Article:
A new report released today by the Sydney Policy Lab at the University of Sydney has found low income and vulnerable groups are being forced into informal housing arrangements, such as share accommodation.
Co-author of the report Professor Nicole Gurran from the University of Sydney’s School of Architecture, Design and Planning said chronic shortage of social and affordable housing meant some people were forced to live in share accommodation, sometimes in severely overcrowded situations that contravene planning building regulations.
“Sydney’s ongoing housing affordability crisis is hitting low income and vulnerable groups particularly hard, they are now having to find accommodation through informal and sometimes illegal housing,” Professor Gurran said.
“These types of arrangements can go undetected and hidden from residential tenancy data as it isn’t easily captured.”
Informal housing can include illegally constructed, converted or occupied dwellings, as well as informal rental arrangements not subject to standard residential tenancy agreements, including share housing and room rentals.
Major policy reform is needed to reduce demand for informal housing types that present health or safety risks and offer inadequate privacy or tenure security.
The report found affordability pressures have been further compounded by the loss of traditional sources of low-cost rental accommodation, such as boarding houses. Low income earners and those without rental history, such as recent migrants, faced particular barriers to accessing affordable rental accommodation through the private market.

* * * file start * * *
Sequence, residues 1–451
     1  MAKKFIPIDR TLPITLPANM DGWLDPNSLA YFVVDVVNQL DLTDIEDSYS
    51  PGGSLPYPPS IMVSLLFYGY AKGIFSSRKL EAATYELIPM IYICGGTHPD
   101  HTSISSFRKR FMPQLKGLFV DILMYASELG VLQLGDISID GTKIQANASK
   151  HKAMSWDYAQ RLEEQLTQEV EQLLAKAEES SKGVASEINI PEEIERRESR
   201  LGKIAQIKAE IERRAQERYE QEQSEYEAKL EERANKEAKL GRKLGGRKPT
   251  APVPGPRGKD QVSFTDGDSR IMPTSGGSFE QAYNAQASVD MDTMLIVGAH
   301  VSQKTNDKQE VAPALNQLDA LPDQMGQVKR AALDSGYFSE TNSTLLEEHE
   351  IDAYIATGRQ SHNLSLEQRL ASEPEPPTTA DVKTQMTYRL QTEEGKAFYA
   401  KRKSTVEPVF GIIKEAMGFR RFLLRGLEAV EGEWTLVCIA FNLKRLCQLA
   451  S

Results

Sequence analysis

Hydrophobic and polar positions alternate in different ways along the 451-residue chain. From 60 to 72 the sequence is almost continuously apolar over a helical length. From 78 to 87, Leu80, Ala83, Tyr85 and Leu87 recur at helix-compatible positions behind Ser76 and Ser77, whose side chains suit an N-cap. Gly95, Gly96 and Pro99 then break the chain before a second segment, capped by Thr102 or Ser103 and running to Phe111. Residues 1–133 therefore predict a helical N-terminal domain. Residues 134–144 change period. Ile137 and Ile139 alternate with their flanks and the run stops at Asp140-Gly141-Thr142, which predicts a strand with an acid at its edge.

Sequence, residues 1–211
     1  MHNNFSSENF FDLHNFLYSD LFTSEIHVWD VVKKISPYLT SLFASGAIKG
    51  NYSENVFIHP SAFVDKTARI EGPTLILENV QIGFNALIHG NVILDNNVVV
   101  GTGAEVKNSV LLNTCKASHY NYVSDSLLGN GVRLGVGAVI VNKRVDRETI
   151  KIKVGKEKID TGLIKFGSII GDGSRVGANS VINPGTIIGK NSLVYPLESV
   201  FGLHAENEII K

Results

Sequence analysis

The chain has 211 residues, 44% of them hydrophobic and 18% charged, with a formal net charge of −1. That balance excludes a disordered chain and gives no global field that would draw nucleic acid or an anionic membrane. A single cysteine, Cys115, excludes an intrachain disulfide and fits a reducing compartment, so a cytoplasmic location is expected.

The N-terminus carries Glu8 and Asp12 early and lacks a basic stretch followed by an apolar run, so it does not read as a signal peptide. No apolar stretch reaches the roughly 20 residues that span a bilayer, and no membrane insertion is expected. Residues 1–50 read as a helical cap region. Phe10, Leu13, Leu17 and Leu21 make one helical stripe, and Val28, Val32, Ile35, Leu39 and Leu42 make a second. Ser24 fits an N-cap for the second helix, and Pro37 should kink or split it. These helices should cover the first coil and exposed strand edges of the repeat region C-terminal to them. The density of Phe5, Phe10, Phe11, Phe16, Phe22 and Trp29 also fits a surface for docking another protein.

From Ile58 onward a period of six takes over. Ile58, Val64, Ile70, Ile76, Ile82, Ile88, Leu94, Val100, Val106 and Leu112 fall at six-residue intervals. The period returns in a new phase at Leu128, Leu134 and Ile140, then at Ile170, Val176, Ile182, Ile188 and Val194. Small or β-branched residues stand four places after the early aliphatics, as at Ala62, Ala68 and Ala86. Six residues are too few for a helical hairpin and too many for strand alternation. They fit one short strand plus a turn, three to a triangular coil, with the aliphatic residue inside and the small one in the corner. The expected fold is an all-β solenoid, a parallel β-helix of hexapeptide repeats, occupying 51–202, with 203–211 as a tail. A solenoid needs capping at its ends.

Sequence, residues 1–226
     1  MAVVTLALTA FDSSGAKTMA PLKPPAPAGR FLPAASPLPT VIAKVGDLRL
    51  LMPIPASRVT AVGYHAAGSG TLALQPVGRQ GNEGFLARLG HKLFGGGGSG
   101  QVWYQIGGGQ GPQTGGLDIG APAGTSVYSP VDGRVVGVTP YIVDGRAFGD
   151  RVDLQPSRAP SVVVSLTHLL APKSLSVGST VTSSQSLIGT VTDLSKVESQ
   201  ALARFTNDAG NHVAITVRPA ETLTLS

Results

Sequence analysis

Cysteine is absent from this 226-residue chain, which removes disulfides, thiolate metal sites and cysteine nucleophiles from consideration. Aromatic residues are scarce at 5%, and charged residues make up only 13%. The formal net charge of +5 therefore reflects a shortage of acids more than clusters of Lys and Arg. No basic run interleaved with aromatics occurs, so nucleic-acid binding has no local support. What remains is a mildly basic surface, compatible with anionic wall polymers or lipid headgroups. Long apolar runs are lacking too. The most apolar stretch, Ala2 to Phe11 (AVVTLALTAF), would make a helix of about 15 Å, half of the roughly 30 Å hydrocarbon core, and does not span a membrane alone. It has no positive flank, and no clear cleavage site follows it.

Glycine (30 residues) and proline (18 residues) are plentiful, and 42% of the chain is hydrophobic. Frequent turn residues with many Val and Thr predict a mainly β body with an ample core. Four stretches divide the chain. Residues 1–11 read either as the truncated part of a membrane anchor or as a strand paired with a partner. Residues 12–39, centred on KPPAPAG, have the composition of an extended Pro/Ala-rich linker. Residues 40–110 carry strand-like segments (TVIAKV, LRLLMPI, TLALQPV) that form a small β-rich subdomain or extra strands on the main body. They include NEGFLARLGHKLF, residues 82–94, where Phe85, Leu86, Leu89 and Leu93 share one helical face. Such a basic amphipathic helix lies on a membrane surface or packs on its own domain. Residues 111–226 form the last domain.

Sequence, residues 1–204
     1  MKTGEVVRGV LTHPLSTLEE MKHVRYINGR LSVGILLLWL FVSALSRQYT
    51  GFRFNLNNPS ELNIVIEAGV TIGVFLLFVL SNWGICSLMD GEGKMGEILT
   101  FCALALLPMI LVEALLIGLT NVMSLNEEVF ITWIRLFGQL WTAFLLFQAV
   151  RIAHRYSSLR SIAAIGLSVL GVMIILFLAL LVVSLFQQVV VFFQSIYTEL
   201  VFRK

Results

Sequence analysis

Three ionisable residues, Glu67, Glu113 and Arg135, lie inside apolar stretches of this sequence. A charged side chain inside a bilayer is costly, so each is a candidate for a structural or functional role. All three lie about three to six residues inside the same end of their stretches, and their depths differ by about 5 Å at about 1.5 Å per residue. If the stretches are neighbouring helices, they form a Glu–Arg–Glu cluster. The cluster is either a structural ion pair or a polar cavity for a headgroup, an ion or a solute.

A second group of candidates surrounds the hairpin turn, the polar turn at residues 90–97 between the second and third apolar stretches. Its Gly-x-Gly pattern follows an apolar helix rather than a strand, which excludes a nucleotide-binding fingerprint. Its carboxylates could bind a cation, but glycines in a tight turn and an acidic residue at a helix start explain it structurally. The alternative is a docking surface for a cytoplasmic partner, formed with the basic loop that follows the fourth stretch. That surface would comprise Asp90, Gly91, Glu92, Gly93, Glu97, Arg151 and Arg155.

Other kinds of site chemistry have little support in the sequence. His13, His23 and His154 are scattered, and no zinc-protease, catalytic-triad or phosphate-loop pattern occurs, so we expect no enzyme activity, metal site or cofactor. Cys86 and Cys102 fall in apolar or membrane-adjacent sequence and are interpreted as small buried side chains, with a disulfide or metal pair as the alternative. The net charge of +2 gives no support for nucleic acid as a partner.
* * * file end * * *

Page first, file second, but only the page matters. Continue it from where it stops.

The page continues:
Data from the Family and Community Services suggests there are 217,000 lower income households in rental stress in metropolitan Sydney. Australian Housing & Urban Research Institute data shows a further 130,000 households in NSW are unable to access affordable rental accommodation.
This report focused on households in Waverley and Fairfield local government councils where over 18 percent of households spend more than 30 percent of their income on rent.
“Local councils and housing advocates are at the front line of Sydney’s informal housing system. Major policy reform is needed to reduce demand for informal housing types that present health or safety risks and offer inadequate privacy or tenure security,” Professor Gurran said.
A number of strategies were identified in the report to help ease rental affordability pressure and provide more appropriate accommodation options for those at the “bottom” of the housing market, including:
- increasing the supply of affordable rental accommodation in locations of high unmet housing need
- addressing the barriers to accessing the formal system experienced by lower income and vulnerable groups
- improve awareness of rights and support available to people living in informal housing arrangements
“This research shines a light on a part of Sydney’ s housing market which doesn’t get the attention it deserves. We need to have a good hard look at the ways people are surviving our housing crisis, and the impact it is having on them and their families,” said Leo Patterson Ross, Senior Officer at the Tenants Union of NSW.
“Such partnerships in research are vital to really understand what is going on beneath the surface of our formal systems. Working with those at the frontline – in local government and housing advocacy – has made us aware of the challenges faced and the need for concerted efforts to understand and provide solutions,” said co-author of the report Dr Madeline Pill from the University of Sydney.
This scoping study was developed in collaboration with Fairfield City Council, Waverley Council and the Tenants Union of NSW and funded by the University of Sydney’s Policy Lab.